Matter of A.D.Annotate this Case
Decided on May 24, 2010
Family Court, St. Lawrence County
In the Matter of a Commitment of Guardianship and Custody pursuant to §384-b of the Social Services Law of A.D. M.D. M.D. Children under the Age of Eighteen Years, Alleged to be the Child of a Mentally Ill Parent Karen D., Respondent
Counsel who appeared for Petitioner the St. Lawrence County Department of Social Services is David Willer, Esq., 315-379-2103, for RespondentChristopher Curley, Esq. of the St. Lawrence County Public Defender's Office, 315-379-2393 and the children's attorney, Michael Levato, Esq., 315-379-4305.
Barbara R. Potter, J.
A Petition under Article 6, Part 1 of the Family Court Act and Section 384-b of the Social Services Law was filed January 8, 2008, alleging that the above-named children are permanently-neglected children; and summonses were issued and duly served upon and notice was duly given to all proper parties hereto, and
Respondent, Karen D., appeared with counsel, Christopher Curley, Esq.; and
Respondent Karen D. denied the allegations of the petition and the matter duly came on for a fact-finding hearing before this Court; [*2]
And the children were represented by Michael Levato, Esq., the law guardian.
The legal status of the other parent, Michael Denoncourt, is as follows: his parental rights are terminated.
The matter came on for a fact-finding hearing and pursuant to the Court's Order dated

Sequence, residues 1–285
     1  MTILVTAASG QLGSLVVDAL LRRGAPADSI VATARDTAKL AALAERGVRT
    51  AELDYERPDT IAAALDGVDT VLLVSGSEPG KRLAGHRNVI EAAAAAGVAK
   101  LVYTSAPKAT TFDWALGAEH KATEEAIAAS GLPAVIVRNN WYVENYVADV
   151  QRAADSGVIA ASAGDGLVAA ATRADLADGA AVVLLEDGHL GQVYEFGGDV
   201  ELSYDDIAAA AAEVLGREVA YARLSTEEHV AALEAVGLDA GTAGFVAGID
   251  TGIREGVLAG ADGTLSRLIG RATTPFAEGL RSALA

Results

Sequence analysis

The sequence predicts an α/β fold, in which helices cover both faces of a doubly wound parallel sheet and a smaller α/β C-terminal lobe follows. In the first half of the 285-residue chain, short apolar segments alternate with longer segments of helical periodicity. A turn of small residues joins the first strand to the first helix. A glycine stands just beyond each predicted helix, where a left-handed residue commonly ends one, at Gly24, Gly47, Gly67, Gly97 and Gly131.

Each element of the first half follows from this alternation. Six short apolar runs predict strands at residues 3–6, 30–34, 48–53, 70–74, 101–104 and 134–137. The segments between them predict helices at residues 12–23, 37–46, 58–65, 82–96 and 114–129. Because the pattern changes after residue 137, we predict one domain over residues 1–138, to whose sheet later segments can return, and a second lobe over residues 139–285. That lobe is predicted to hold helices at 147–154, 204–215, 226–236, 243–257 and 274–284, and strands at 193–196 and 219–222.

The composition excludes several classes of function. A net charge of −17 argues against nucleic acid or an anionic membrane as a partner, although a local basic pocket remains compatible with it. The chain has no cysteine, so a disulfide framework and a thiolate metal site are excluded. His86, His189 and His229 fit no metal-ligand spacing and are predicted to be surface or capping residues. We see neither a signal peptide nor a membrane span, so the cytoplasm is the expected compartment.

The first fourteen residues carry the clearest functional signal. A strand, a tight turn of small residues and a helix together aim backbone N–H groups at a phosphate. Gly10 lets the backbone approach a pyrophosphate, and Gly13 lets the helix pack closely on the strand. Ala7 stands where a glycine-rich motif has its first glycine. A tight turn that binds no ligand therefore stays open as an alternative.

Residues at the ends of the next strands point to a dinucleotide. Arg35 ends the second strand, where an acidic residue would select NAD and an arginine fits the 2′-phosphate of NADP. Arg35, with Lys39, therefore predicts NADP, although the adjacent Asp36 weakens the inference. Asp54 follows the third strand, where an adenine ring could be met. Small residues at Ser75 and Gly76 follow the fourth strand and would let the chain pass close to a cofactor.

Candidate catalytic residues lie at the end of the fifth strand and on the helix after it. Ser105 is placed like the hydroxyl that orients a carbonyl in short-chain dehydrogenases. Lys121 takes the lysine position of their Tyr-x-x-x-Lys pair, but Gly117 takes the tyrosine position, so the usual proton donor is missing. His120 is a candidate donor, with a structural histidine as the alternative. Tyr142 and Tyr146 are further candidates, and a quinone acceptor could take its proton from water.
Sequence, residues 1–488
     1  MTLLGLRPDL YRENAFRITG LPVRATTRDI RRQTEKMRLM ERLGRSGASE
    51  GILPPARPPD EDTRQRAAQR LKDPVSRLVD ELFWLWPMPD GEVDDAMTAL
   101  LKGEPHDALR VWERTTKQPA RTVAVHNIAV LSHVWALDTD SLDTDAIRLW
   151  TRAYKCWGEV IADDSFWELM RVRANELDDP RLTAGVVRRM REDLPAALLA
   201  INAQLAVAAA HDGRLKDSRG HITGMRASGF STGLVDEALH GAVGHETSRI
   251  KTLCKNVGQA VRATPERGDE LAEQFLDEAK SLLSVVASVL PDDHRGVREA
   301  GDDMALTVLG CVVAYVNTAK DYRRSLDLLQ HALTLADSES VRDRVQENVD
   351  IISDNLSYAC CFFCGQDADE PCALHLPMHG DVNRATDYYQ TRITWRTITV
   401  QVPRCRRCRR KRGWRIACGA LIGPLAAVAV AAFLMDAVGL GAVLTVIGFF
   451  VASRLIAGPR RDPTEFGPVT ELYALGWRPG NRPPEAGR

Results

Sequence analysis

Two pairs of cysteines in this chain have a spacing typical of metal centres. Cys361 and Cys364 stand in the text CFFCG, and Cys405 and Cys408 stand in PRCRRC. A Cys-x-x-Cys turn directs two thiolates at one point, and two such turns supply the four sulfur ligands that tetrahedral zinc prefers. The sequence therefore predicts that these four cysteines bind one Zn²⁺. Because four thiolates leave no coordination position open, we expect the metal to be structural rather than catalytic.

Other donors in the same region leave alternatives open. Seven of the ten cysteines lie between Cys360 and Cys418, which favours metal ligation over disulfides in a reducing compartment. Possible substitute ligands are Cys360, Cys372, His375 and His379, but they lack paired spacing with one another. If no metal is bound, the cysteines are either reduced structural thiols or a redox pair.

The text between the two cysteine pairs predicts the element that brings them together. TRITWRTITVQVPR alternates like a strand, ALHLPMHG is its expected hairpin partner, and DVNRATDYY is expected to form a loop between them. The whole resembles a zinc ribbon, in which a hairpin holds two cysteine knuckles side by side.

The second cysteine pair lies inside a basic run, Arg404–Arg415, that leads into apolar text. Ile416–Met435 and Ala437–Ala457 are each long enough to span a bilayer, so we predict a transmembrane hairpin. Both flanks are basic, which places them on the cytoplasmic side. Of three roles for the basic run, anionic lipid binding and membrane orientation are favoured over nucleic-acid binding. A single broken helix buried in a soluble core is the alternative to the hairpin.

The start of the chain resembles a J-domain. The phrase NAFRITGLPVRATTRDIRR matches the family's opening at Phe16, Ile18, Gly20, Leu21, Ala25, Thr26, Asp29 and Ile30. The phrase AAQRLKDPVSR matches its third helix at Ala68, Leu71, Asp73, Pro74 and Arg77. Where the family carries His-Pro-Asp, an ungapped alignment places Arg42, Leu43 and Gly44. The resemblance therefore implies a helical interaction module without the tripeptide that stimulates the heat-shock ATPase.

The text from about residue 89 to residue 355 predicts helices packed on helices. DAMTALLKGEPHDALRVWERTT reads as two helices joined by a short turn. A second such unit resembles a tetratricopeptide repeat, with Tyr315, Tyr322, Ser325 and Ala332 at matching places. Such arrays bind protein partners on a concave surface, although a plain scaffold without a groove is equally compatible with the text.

December 23, 2009, came on for additional fact-finding. The Court, after hearing the proofs and
testimony offered in relation to the case finds the allegations that Respondent, Karen D., has
permanently neglected the children, A.D. (born January 22, 1999), M.D. (born January 28,
2001), and M.D. (born February 25, 2003), and the allegations of mental illness are supported by
clear and convincing proof, and makes the following findings of fact by clear and convincing
evidence and comes to the following conclusions of law:
Respondent Karen D. (hereinafter the "mother") is charged with being mentally ill as defined in Social Services Law § 384-b. It is alleged the children would be in danger of becoming neglected if returned to her care.
On February 7, 2008, the St. Lawrence County of Department of Social Services (hereinafter "SLCDSS") filed a petition to extend the mother's suspended judgment granted May 11, 2007, after the mother admitted she had permanently neglected the children and received a suspended judgment. Interestingly, at the same time, SLCDSS also filed a termination petition on the basis of mental illness.
SLCDSS could have chosen, but did not, to file a petition to revoke the mother's suspended judgment since it is alleged in the extension petition that the mother "is not equipped at this time or will she be in the foreseeable future to have the children returned home to her, because [she] lacks the intellectual functioning, emotional control, and problem-solving skills to properly parent the subject children." A suspended judgment can be revoked even where a " parent's attempt to comply with the literal provisions of the suspended judgment is not enough'" (Matter of Darren V., 61 AD3d 986, 987 [2d Dep't 2009] quoting Matter of Jennifer VV., 241 AD2d 622 [3d Dep't 1997]). On a petition to revoke a suspended judgment the burden is on the parent to establish that "progress has been made to overcome the specific problems which led to the removal of the child" (Matter of Jennifer VV., 241 AD2d at 623). The Court finds the issue to be moot because the Court could have only granted the extension for one (1) year and such year would have since expired. For reasons unknown to the Court, SLCDSS chose instead to move to terminate Respondent's parental rights on the basis of mental illness.